Other constituencies are starting to comprehend the relevance of global warming to their interests and concerns and are starting to organize their collective force.
Evangelical Christians who ascribe to an abiding duty to "steward the Earth" have issued a call to action, with a reminder that climate change will hit the poor the hardest.
Farmers have organized a campaign to supply farm-based alternative fuels so that the nation can meet the goal of sourcing 25% of its energy needs from renewable sources by 2025.
The young people on our campuses-perhaps the first generation that will suffer severe and consistent climate impacts if nothing is done-are pressuring their universities, their communities, and their elected officials for changes to business as usual.
Shareholders are asking companies they own to disclose information on greenhouse gas emissions. They want to evaluate the carbon risk exposure of their investments, force action by company boards, and change the calculus of fiduciary duty that governs the influential flow of capital.
Entrepreneurs who are pioneering alternative energy solutions-long conveniently relegated to a barely subsidized niche-are the new darlings of Wall Street and Silicon Valley. They hold the keys to the innovations that will pave the way in the long term to an alternative energy future.
The warming of the climate is no longer merely, or primarily, an environmental issue. It is an energy issue; a business issue; an investor issue; a moral issue; a security issue; an agricultural issue; a coastal issue; a religious issue; an urban issue; in short, a global issue that touches every conceivable facet of human existence. It is a matter of universal concern that cuts across party lines, religious affiliations, class divisions, and demographic distinctions. Therein lies our current opportunity.
We are deploying our philanthropic resources to help all of these constituencies understand the relevance of global warming, articulate their needs, and devise their own solutions. It is an exercise in civic engagement that will strengthen democratic practice, security, and sustainable development. Through this work over the next thousand days, we can prepare ourselves as a nation to develop the best policy solutions we can possibly devise, and we can make ourselves ready to deploy them at the first opportunity. There is too much at stake to leave matters in the hands of political professionals, special interests, and ideologues. We still have a chance to rejoin the community of nations and shoulder our fair burden of responsibility; secure our economy upon a sustainable model of growth; lead emerging economies by example and through the export of our technology, management, and capital; enjoy greater energy security; and secure continued hope for future generations.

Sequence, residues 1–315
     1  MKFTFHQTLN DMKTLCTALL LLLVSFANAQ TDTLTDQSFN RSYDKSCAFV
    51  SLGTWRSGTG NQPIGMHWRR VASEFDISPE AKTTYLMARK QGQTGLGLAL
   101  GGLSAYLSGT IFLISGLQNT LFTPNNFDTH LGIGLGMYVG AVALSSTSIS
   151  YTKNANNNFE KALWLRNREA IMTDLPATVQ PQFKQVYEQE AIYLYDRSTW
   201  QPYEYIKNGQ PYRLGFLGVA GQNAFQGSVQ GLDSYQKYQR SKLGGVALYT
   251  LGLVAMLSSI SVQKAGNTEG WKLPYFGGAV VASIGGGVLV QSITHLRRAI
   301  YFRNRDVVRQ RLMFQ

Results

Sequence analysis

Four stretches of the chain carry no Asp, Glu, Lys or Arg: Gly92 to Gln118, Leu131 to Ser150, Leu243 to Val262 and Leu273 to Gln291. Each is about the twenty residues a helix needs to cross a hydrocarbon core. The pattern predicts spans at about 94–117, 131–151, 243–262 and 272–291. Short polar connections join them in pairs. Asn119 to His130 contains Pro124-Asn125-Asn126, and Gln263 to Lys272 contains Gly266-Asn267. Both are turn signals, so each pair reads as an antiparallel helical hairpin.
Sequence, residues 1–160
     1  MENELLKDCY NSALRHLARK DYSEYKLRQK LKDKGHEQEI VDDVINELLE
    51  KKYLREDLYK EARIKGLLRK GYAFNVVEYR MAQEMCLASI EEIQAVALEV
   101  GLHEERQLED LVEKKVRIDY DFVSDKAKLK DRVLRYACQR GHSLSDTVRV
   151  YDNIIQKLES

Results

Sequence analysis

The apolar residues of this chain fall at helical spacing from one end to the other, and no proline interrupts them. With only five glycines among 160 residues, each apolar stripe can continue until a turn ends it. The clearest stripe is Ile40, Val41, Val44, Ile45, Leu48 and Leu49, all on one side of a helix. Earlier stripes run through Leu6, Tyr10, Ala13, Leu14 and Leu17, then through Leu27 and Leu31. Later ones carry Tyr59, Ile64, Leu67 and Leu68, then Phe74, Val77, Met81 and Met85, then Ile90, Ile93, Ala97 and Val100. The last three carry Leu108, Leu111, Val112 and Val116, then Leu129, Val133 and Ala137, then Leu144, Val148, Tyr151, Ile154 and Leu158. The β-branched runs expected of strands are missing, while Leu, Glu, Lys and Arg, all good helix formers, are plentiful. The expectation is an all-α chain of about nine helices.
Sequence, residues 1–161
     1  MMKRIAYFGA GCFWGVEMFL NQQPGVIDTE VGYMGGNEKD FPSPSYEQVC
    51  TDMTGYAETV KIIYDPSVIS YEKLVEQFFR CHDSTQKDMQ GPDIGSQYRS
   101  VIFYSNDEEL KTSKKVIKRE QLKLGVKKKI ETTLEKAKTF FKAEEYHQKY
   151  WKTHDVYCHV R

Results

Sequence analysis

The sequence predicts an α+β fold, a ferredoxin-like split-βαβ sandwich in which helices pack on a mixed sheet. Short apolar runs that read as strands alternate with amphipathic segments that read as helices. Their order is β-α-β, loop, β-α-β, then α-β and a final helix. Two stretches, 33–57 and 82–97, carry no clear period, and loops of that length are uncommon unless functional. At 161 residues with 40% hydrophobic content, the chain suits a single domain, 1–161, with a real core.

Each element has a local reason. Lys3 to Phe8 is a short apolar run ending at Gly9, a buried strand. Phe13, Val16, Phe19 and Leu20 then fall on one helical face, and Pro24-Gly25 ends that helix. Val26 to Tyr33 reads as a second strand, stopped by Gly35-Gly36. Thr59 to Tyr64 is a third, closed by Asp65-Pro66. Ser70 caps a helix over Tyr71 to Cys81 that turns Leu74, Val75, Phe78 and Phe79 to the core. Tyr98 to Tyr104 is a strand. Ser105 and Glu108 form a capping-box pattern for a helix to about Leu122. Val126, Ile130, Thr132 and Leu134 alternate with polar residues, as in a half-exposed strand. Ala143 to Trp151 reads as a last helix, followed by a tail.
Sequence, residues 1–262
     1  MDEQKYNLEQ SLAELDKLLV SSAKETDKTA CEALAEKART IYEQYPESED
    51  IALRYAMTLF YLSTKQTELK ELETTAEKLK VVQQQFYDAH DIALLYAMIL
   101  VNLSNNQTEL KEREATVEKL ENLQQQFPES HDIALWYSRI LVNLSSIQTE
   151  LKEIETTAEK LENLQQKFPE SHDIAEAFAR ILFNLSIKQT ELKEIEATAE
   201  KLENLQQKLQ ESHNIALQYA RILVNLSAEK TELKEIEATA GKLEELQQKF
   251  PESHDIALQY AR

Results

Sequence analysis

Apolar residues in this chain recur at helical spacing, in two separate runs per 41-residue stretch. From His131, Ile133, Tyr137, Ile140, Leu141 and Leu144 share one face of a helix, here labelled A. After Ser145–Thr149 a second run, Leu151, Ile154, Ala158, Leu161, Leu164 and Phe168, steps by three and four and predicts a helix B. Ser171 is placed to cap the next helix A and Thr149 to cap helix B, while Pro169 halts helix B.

With each passing month, we see new evidence that Earth's fever is getting worse-fast. Hansen also recently noticed another alarming symptom in a satellite study. Greenland is losing 200 cubic kilometers of ice a year. It isn't just the quantity that is causing this attending physician to be newly concerned; it is how the ice is disappearing. The massive ice sheet is not melting just at its edges like an ice cube in a soft drink. It is eroding from the inside out.
Greenland's melt-waters fall into deep, uncharted crevasses and then collect and flow in undetectable rivers that eat away at the continent of ice from underneath. Eventually, huge territories of top-heavy ice collapse, slide into the ocean, and float away forever. Hansen says the entire Greenland ice sheet could reach a point of no return with explosive rapidity and trigger sea-level rises of as much as 25 meters. Much of Boston, New York, Washington, D.C., Miami, and coastal communities everywhere would be underwater. It is why he warns us: Earth will be another planet.
We do not sufficiently appreciate how it is within our power to monumentally disrupt the delicate systems that govern this planet. We also have not taken seriously how eminently it is within our reach to reengineer our material existence on sustainable terms. It's high time to collectively apply the cure.
This feature is from the 2005 Annual Review.